which earn me advertising fees or commissions.
As an Amazon Associate I earn from qualifying purchases.
RAID-4 / RAID-5 and RAID 6 for Performance and Reliability
Related: backup, fault tolerance, RAID, RAID-0, RAID-4, RAID-5, RAID-6, SoftRAID, storage
A RAID-5 uses the equivalent of one drive capacity of N drives for parity information. It can be thought of as a RAID-0 stripe with one parity drive (“striping with parity”), for fault tolerance. RAID-5 uses distributed parity and RAID-4 uses a dedicated parity drive; the functionality is equivalent.
Should one drive fail, RAID-5 / RAID-4 degrades to a RAID-0 stripe.
RAID-5 offers the following benefits:
- High performance: approaching the speed of RAID-0 stripe. With N drives in a RAID-5, approaches the speed of N-1 drives in a RAID-0 stripe.
- Fault tolerance: parity information that allows one drive to fail with no data loss. Particularly with four or more drives, RAID-5 adds a margin of safety not provided by RAID-striping. For some uses, RAID-5 makes sense with as few as 3 drives.
- High capacity: since typical RAID-5 setups would use 4 or more drives, thus the total capacity tends to be large.
RAID 5 is usually achieved with hardware (via an enclosure or expansion card), but RAID-5 software solutions will emerge in 2014.
RAID-6 is similar to RAID-5, but uses two or more parity drives for fault tolerance. For example, eight 4TB drives in a RAID-6 might be configured with two parity drives for a total usable capacity of 24TB.
With N drives in a RAID-5, the capacity achieved is that of N-1 drives, since one drive is used for parity.
Using four 4TB drives, a 4-drive RAID 5 would use that 4 X 4TB = 16TB to deliver a usable capacity of 3 X 4TB = 12TB.
TIP: the entire capacity of a RAID-5 might be awkward to backup. Hence partitioning a RAID-5 into volumes of 4TB each (max) allows simple and fast clone backup to single external 4TB backup drives.
When a drive fails in a RAID-5, operation continues with no data loss; it becomes a RAID-0 stripe. But a 2nd failure will fail the entire RAID. Hence it is critical to have at least one “cold spare” on hand, preferably pre-tested.
When (not if) a drive fails, it can be swapped out for the cold spare, which allows the RAID-5 to rebuild the parity information and restore its fault tolerance to a subsequent drive failure. Rebuilding can take 12-36 hours depending on drive capacity and usage.
Write and read performance in MB/sec is shown across a 2TB partition.
- The top pair of lines is a 4-drive RAID-0 stripe, showing ~640 MB/sec.
- The middle pair is a 3X stripe, showing ~470 MB/sec.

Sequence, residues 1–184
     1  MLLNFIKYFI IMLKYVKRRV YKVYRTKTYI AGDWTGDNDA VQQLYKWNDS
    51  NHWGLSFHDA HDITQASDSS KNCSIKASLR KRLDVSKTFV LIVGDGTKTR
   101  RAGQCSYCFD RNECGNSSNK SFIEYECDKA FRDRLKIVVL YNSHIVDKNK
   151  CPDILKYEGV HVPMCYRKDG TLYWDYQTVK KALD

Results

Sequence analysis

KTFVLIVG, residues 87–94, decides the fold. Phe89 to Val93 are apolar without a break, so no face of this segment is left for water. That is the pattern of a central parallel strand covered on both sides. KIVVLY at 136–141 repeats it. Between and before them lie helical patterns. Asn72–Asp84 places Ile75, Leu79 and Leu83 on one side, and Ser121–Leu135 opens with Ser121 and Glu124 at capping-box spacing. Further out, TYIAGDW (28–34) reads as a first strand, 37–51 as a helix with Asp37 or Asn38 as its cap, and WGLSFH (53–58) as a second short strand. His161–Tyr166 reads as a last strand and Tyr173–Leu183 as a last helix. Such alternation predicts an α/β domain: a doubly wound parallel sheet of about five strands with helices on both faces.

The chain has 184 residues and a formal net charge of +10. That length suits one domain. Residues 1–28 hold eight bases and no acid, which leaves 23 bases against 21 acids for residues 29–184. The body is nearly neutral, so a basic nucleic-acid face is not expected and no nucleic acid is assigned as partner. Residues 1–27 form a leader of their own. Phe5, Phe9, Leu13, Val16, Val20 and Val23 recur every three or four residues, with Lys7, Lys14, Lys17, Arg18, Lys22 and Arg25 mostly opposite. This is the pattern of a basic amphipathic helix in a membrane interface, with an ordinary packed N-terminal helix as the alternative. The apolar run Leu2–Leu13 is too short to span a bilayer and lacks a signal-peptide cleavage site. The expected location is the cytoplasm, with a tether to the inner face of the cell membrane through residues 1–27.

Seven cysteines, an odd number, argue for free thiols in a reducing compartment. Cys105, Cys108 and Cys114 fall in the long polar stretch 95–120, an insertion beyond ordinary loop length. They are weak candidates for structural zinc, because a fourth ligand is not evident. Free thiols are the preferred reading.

- The green and blue heavier lines are a RAID-5 stripe using four drives, showing ~450MB/sec reads and ~370MB/sec writes.
This particular RAID-5 can be thought of as a 3-drive RAID-0 stripe with parity. Hence its performance for reads is very close to a 3-drive RAID-0 stripe. Write performance is still excellent but there is overhead to calculating the parity information and writing it to that 4th drive. Faster drives might perform better, and this graph is from a beta version of SoftRAID 5.
Creating a software RAID-5
Create a 4-drive RAID-5 volume Master of capacity 4TB.
Appendix: misleading claims about RAID 5
Jan 2014: Archival information which time has borne out.
The article claims that RAID 5 is fatally flawed because a rebuild after a drive failure would be all but guaranteed to fail from a read error (in the context of 2TB drives). It makes other tenuous assumptions about failure rates that don’t reflect my experience, or even how most people use their computers. The article lacks any real-world substantiation, and uses statistics incorrectly to come to a flawed conclusion.
The article also misses a key point: a RAID 5 remains perfectly usable after a drive has failed. Data can be copied or backed-up. In fact, the unit could then continue to works for months or years, though it could not tolerate another drive failure.
I’ve been running a 4-way RAID 0 stripe for four years now, and the only failure I had was a Maxtor 500GB back in 2006 and that was a quick failure, a bad drive to start with. My Mac Pro runs 10-14 hours a day, so that’s a darn good track record.
Blazingly fast Thunderbolt 3 SSD!
Up to 4TB capacity, USB-C compatible.
USB-C model also available
Don’t assume, test!
But it’s always good to test, so I set about determining if I could produce even a single error from my Hitachi 2TB 7K2000 hard drives, reviewed here. I actually have twelve of these drives, and I’ve never had a problem of any kind with them.
I installed four of the 7K2000 drives into my Mac Pro Nehalem, configuring them as a RAID 0 stripe, my interest being maximum speed to detect read errors.
Next I ran SoftRAID 4.0 “Certify” for well over one full pass. There were zero errors on all four drives. That represents testing 10-12TB of data access with no errors (I ran about 1.4 passes before stopping it).
After that, I filled the array with huge files, then ran IntegrityChecker to compute SHA1 hashes on all files. I ran four complete passes (and a partial fifth pass), having it verify all files, which means that more than 32TB of data was read without a single error.
In total, my testing showed the ability to read more than 40TB of data on 4 drives with zero errors. That’s 20 times as much data as the alleged size issue in the ZDNet article. If the analysis in that article were correct, then I ought to go buy lottery tickets right now.